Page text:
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Ana Popovic - Unconditional (2011)

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Ana Popovic's Unconditional

Ana Popovic's Unconditional

Photo courtesy Eclecto Groove Records

There are a lot of guitar heroes in the blues world, but very few of them are women, and very few of them were born in Serbia. There is only one Serbian-born female guitar hero in the blues, and that is Ana Popovic. Over the last ten years, Popovic has released six albums and toured constantly, building up a reputation as one of the hottest axe young axe slingers in the game, and as a pretty decent songwriter to boot.

Ana Popovic's Unconditional

She is not a blues purist. Growing up with a father who played music and who introduced her to a wide variety of forms, Popovic took the blues as grounding for all the music she likes. Yes, there is rock, and soul, and jazz in her playing, but she feels it all as blues. As she says in the liner notes to her new album, “Blues is UNCONDITIONAL, maybe the most conservative style of all. If you alter it too much, it will no longer be blues.” Popovic has pushed the boundaries, to be sure, but she remains a blues artist even when her guitar is screaming and the band is sounding more like rock.

Which is not to say that her new album – easily her rootsiest endeavor to date – isn’t a welcome relief from some of the overdriven stuff that she’s done before; Popovic headed down to New Orleans and recorded with some very fine musicians, most notably the incredible pianist Jon Cleary. (You may have seen Cleary appear on episodes of HBO’s Treme series.) Bassist Calvin Turner and drummer Doug Belote can and occasionally do pump up the jams the way Popovic fans expect, but they also can do more with less, giving her the chance to expose some more nuanced approaches.

Blues-rock guitarist Ana Popovic

Blues-rock guitarist Ana Popovic

Photo by Sjoerd DeWit, courtesy Eclecto Groove Records

Count Me In

Eight of the twelve songs on Unconditional are Popovic originals, and they work better than at least three of the four covers. The album opens with “Fearless Blues,” a statement of purpose from Popovic which starts with a tough verse backed by acoustic guitar before the band kicks in and a gospel-inspired male backing chorus adds spirit to Popovic’s gutsy incantations. “I am fearless, fearless, fearless, I will reach reach reach the higher ground,” she cries, and you know she will get there, too.

“Count Me In” is an explosion of Popovic’s typical power, but with guest starring harmonica virtuoso Jason Ricci on board, the song burns with controlled passion. Popovic and Ricci are perfect foils for each other; they both play hard and aggressive, they both flirt with new ideas while staying true to blues roots, and they both love thick, juicy, overdriven tones on their instruments. Popovic sings this one with an abandon to match the instrumental parts, and the song is among the three or four best on the record.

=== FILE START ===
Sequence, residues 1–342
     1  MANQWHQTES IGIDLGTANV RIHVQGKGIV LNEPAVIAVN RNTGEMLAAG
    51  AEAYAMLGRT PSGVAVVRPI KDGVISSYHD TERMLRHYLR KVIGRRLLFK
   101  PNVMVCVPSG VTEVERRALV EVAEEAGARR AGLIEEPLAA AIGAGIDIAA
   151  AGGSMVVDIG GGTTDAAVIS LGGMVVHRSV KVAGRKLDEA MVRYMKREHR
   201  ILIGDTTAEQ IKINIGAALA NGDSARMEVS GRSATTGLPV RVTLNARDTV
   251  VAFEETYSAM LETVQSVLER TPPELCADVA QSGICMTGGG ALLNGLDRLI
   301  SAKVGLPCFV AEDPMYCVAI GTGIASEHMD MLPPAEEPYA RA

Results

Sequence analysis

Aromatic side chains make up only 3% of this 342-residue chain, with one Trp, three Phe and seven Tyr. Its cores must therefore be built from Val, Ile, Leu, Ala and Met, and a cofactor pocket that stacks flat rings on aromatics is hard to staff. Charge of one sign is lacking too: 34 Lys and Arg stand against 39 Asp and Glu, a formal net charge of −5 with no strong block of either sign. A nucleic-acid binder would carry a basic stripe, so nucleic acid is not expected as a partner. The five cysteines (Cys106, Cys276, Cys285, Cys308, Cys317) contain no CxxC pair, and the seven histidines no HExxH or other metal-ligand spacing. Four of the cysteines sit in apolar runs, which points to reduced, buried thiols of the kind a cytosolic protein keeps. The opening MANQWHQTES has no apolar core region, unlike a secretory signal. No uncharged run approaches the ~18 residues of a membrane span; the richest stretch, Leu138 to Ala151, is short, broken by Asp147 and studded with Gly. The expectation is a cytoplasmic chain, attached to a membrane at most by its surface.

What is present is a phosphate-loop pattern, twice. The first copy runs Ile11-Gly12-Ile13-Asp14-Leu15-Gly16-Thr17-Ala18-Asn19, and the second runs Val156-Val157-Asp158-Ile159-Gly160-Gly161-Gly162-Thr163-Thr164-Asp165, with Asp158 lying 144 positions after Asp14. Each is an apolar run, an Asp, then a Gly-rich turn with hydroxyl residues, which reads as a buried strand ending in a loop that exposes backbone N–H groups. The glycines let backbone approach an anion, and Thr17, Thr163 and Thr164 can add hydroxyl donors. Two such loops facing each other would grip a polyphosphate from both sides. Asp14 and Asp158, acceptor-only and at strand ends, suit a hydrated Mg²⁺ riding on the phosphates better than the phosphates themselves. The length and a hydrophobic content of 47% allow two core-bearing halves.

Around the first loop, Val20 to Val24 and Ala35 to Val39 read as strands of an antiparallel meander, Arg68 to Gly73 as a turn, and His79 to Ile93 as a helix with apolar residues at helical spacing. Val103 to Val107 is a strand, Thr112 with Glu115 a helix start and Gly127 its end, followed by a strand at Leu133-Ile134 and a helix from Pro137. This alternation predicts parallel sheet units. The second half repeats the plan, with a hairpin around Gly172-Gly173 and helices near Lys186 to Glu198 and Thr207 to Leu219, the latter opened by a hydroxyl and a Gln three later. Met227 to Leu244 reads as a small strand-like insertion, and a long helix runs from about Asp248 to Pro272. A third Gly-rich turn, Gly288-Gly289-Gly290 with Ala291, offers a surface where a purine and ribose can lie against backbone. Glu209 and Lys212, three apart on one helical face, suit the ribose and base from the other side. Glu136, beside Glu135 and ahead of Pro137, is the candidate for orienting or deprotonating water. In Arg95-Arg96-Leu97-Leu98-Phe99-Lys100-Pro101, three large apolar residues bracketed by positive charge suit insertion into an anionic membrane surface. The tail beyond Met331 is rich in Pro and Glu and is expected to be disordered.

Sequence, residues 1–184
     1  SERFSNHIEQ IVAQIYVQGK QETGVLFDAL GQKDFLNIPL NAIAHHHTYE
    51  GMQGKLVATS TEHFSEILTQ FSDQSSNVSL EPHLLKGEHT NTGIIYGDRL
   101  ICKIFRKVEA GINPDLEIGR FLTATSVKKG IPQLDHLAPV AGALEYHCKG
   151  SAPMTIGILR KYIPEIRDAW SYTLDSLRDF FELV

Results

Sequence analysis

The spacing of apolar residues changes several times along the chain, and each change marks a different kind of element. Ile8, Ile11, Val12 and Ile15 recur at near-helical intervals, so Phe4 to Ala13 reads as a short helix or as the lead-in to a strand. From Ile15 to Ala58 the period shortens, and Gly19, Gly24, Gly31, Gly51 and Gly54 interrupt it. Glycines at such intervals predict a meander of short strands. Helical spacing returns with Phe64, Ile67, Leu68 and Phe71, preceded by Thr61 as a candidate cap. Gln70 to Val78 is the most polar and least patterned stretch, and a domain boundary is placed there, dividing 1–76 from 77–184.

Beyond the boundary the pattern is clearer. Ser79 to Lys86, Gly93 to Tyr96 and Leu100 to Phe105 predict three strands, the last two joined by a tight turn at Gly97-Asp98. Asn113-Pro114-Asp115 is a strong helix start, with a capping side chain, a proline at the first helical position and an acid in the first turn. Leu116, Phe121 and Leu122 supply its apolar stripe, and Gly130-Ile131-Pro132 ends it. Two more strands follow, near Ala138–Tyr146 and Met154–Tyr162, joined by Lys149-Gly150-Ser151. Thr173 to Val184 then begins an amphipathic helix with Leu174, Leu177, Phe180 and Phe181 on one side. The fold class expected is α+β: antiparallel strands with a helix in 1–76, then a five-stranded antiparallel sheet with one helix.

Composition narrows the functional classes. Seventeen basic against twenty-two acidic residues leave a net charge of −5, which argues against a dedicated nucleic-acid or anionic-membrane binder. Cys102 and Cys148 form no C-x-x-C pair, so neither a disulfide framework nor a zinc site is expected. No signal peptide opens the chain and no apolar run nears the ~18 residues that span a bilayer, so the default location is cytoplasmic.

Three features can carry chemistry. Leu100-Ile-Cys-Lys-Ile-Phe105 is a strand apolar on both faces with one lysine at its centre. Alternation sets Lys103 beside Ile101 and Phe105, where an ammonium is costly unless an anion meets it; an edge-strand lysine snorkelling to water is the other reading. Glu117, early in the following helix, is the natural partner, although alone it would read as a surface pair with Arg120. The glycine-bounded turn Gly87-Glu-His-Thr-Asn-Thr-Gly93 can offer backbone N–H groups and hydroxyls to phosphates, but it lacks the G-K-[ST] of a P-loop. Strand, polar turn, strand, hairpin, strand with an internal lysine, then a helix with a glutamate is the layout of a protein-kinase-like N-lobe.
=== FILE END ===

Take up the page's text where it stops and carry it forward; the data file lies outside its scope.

Business As Usual

Another high point is “Slideshow,” in which Popovic teams with slide guitar genius Sonny Landreth, and matches him lick for lick. This instrumental, played at white heat intensity, is testament to Popovic’s skills as a mimic. It’s virtually impossible to tell which guitarist plays which, despite Landreth possessing one of the most instantly identifiable guitar tones in the world.

“Business As Usual,” a song Popovic co-wrote with her husband Mark van Meurs, is a beautiful, questioning piece about two lovers who have lost their passion for each other. Popovic takes a delicate approach to her vocal, making it clear the singer feels as much to blame as her lover, and then pulls back for a tender, very sexy guitar solo which builds to an explosive climax which implies it’s possible to regain that thrill. But when she sings the last verse, the problems remain. Masterful number.

One Room Country Shack

Popovic outdoes herself covering Mercy Dee Walton’s “One Room Country Shack.” This slow blues benefits from Cleary’s warm-toned organ setting the mood, and Popovic’s tightly clipped, stinging guitar adds to the oppressive feel. She sings with a true feeling of the loneliness and emptiness of that one room country shack. Her guitar turns to a more liquid approach in the second verse, more desperate, more full of desire. Cleary’s piano solo is devastating and desolate, and Popovic’s guitar solo after the third verse comes from the very depths of her soul, completely alone, longing for any kind of connection. Finally, the guitar and vocal on the last verse explode together in a blues catharsis which feels absolutely earned.

The other cover material doesn’t work quite as well. “Soulful Dress,” best known by Marcia Ball, is punchy and fun, but Nat Adderley’s “Work Song,” in the vocal version originated by Oscar Brown, Jr. feels perfunctory. Popovic studied jazz guitar, but she oversells it here. Much better is Cleary’s pleasant negotiation of the changes on his solo. Koko Taylor’s “Voodoo Woman” gets a strong Earl Palmer-style backbeat, and Popovic’s slide guitar work is stellar, but Demetria Taylor had way more fun with this song on Bad Girl. Popovic may not be comfortable enough with voodoo metaphors; her original material is always more directly expressive of what she means to say.

Steve's Bottom Line

Popovic’s Serbian accent never fades completely away, but that serves as a trademark which makes her vocals distinctive above and beyond the blues feeling in her singing. She is primarily celebrated for her exemplary guitar work, but Popovic is a really talented vocalist, as well. Perhaps best of all, she is still improving as a songwriter, making her a triple threat artist. Unconditional isn’t perfect, but it shows Popovic to be more than just an aggressive guitar hero. (Eclecto Groove Records, released August 16, 2011)

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